Thursday 23, Friday 24 & Monday 27 March
James Cook Hotel Grand Chancellor, Wellington


REGISTER HERE for Thursday 23 March, 9am-4.30pm: He Puna Whakaata: Presented by  a Mātauranga Māori specialist & a clinical psychologist: He Puna Whakaata (Te Rau Ora #1 - Promo.mp4)  is a kaupapa Māori based programme that helps to identify someone’s values, their origins and to dive that little bit deeper into their values.  He Puna Whakaata has a suite of resources in which participants are taught how to use in practice, the suite includes the Whai Tikanga cards, Korurangi, Te Whare Tapa Whā and an updated Pleasant Event Schedule to name a few. He Puna Whakaata is a therapeutic programme that is aligned with Māori preferences and models of practice and wellbeing. 

The Whai Tikanga cards are values cards that steam from the Māori Worldview.  The cards have a Māori value and its English translation. They are aligned to a whakataukī, whakatauākī or tongikura (metaphors that stem from Te Ao Māori).  We spend time in the wānanga exploring the understanding of some of the whakataukī, whakatauākī and tongikura, so participants leave with the basic knowledge on how to wānanga.

This training workshop is an interactive wānanga where every participant gets to experience what it is like to be a client and how effective each stage of He Puna Whakaata is at getting whanau to kōrero, getting whanau to remember, getting whanau to understand their why and ultimately getting whānau to want to make change for the better.

Wānanga structure usually looks like this:

  • Mihi/Welcome/Whanaungatanga
  • Quiz (on pre material)
  • Metaphors
  • Whakataukī
  • Whai Tikanga Card sort (individual)
  • Whai Tikanga Card sort (group)
  • Application of values to Te Whare Tapa Whā
  • Korurangi
  • Reflections, Closing, Evaluations 

Friday 24 March, 9am-12.30pm: Julia Rucklidge - Nutritional Therapies for Psychological Symptoms: How to implement nutrition into your practice. Professor Julia Rucklidge has become well-known for her ability to succinctly communicate the latest research relating to nutrition and mental health. In this workshop, Prof Rucklidge will discuss the data that describe an alarming picture of food choices serving as risk factors to all kinds of psychiatric problems. She will describe dietary patterns and food choices that have been supported by scientific evidence. She will then introduce the recent paradigm shift of using broad spectrum micronutrients to treat these challenges, reviewing the hypothesized mechanisms of action and the evidence to date. The talk will challenge our current treatment regime for mental disorders and suggest one alternative course of action.  She will also provide clinically relevant tips and recommendations that can be immediately used to enrich and broaden therapeutic interventions in the real world.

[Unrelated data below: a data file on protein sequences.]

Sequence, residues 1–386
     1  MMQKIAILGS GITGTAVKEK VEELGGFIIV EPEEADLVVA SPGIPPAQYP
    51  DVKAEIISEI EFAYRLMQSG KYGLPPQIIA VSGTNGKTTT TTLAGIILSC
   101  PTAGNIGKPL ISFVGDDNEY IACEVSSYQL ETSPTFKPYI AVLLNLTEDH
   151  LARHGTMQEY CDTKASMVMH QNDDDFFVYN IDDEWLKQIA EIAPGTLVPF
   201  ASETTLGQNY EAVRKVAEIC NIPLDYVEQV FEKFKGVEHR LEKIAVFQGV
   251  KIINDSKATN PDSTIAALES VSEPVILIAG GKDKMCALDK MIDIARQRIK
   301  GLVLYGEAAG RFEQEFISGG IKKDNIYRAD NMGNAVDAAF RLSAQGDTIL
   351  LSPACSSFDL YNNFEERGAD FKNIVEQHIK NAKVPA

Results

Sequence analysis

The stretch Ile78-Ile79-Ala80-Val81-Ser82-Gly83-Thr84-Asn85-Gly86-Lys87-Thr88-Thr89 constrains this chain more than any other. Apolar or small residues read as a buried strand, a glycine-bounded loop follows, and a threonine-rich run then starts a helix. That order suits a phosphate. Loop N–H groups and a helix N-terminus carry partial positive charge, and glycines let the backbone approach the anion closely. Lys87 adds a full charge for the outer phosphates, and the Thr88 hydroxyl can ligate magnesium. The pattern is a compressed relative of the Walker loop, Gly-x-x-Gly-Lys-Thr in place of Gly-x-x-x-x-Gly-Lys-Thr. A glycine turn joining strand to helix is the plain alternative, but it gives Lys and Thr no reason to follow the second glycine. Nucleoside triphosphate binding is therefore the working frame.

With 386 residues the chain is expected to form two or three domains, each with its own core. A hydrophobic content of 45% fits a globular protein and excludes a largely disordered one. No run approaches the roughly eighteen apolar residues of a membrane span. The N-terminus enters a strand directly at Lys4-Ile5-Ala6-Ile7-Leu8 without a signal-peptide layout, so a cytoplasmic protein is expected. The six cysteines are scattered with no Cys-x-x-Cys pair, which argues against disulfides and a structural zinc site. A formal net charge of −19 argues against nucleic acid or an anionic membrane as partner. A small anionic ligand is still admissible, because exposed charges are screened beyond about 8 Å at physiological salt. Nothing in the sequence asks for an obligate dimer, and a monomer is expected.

Overview and Learning Intentions

  • Why it is essential to consider the role of nutrition/diet in understanding and treating psychological distress
  • Research on dietary patterns and their role in the expression and treatment of mental health problems
  • Learn easy ways to help clients improve diet
  • Understand why in some cases additional nutrients may be necessary in addition to a good diet

Julia is a Professor of Clinical Psychology in the School of Psychology, Speech and Hearing at the University of Canterbury and the Director of Te Puna Toiora, the Mental Health and Nutrition Research Lab and co-author of The Better Brain. Originally from Toronto, Canada, she completed her PhD at the University of Calgary in clinical psychology, and in 2000, she immigrated to New Zealand. She has become well known for her research investigating the interface between nutrition and mental health, having published over 150 empirical papers, frequently featuring in the media on her work and being the recipient of numerous local and international awards, including the Ballin Award from the NZ Psychological Society for significant contributions to the development or enhancement of clinical psychology in Aotearoa New Zealand, being named as a Woman of Influence in New Zealand in 2015, 2018, and 2021, and a Braveheart award for her contribution to making Christchurch a better place to live. In 2020, she created a free EdX online course for the public on mental health and nutrition. She is also a longstanding member of the Health Practitioners Disciplinary Tribunal (HPDT). Her 2014 TEDx talk has been viewed close to 5 million times. Julia is passionate about translation of research to practice and making nutritional interventions for the brain mainstream.